Buying a Company in Trouble: A Practical Guide
The book has been written to assist those people (and their professional advisers) who are planning to buy a company in trouble, perhaps for the first time, and where the proposed target is likely to be a small or medium sized private company which is either formally insolvent or close to formal insolvency. It guides the potential purchaser through the various stages in the acquisition process, from the formulation of an acquisition strategy to the signing of the contract. It also helps a purchaser to evaluate the proposed acquisition thoroughly and provides forewarnings of likely problems. The book has three main objectives: to help the purchaser minimise the inevitable risks involved in the purchase; to guide the purchaser towards a full understanding of the business of the target company and of the reasons which led to its difficulties; and finally, to provide enough guidance to enable the purchaser to offer a fair price.
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Recognising a company in trouble
What are the various types of insolvency?
Should I buy before or after an insolvency?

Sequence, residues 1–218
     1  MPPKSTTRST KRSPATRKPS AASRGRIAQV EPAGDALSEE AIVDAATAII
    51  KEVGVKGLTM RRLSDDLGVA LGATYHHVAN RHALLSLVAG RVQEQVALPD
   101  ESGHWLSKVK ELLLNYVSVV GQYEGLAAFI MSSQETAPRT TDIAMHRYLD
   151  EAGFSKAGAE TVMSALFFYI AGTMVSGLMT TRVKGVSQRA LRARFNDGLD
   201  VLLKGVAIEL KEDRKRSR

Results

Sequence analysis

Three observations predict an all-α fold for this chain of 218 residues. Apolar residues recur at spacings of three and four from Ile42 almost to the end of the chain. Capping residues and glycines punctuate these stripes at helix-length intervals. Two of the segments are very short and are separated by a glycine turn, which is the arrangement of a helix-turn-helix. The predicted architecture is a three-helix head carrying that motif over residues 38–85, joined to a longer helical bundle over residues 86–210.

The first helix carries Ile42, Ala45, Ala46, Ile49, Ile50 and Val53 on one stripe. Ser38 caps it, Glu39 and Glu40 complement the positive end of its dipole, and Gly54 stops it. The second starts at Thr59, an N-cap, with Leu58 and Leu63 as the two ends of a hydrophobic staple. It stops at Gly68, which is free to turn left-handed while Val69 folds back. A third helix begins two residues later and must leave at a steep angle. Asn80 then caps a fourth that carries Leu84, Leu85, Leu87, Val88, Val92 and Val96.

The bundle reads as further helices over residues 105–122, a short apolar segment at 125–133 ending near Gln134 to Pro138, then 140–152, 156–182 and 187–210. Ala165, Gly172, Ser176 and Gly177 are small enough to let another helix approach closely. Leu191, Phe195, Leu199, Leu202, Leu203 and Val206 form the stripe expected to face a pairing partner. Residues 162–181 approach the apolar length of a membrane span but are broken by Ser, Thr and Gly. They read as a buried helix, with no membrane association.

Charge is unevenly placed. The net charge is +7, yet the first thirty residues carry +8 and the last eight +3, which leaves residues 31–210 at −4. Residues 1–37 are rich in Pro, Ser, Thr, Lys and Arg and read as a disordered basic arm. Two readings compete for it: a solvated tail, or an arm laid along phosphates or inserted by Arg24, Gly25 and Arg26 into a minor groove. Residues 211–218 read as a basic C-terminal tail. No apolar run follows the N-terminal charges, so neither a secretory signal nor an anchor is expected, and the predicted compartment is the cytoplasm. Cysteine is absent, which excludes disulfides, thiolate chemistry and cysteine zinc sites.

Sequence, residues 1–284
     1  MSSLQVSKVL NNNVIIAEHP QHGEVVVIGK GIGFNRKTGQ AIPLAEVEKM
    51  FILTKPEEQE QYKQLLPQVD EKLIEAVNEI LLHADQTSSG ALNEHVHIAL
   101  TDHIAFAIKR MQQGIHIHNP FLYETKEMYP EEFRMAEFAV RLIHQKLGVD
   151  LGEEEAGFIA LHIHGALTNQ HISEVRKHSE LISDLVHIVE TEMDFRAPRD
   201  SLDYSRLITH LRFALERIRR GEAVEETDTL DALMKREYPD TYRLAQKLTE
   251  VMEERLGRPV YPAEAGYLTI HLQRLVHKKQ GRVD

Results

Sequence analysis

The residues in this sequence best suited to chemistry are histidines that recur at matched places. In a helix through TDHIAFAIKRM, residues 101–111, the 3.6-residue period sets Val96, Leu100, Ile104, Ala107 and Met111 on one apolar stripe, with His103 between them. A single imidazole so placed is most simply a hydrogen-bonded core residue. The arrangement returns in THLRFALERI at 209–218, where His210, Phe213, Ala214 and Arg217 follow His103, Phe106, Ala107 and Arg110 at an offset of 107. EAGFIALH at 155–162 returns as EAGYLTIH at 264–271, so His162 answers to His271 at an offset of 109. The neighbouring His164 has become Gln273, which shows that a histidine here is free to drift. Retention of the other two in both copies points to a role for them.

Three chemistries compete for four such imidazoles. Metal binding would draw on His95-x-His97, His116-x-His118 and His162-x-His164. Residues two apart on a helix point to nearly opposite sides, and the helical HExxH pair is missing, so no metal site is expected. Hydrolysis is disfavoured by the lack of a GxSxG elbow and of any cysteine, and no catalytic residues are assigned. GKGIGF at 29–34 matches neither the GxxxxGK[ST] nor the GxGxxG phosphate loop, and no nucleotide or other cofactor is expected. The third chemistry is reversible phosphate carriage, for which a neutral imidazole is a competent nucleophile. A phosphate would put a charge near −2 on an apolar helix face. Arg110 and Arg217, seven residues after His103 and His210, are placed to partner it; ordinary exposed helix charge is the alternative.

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acquired administrative receiver administrative receivership advice advisors appointment arrears bank business and assets buying a company cash ﬂow chaser clause Companies House company in trouble company's creditors company's management costs customers debtors debts directors discussions employees Enquire ensure existing finance agreements finance company fixed assets forced sale value forecasts formal insolvency fraudulent trading funds going concern hire purchase identify Insolvency Act 1986 insolvency practi insolvency practitioner insolvent company insolvent liquidation investigation Key point summary management accounts negotiations Obtain details offer original company overdraft paid particular payments period possible potential liability potential purchaser preferential creditors previous company principal prior probably problems procedures profit realisable reasons receivership redundancy relevant reservation of title sale agreement sale contract schedule shareholders shares significant statement of affairs subsidiaries suppliers target company third parties tion title claims troubled company usually valuation vendor company voluntary liquidation warranties wrongful trading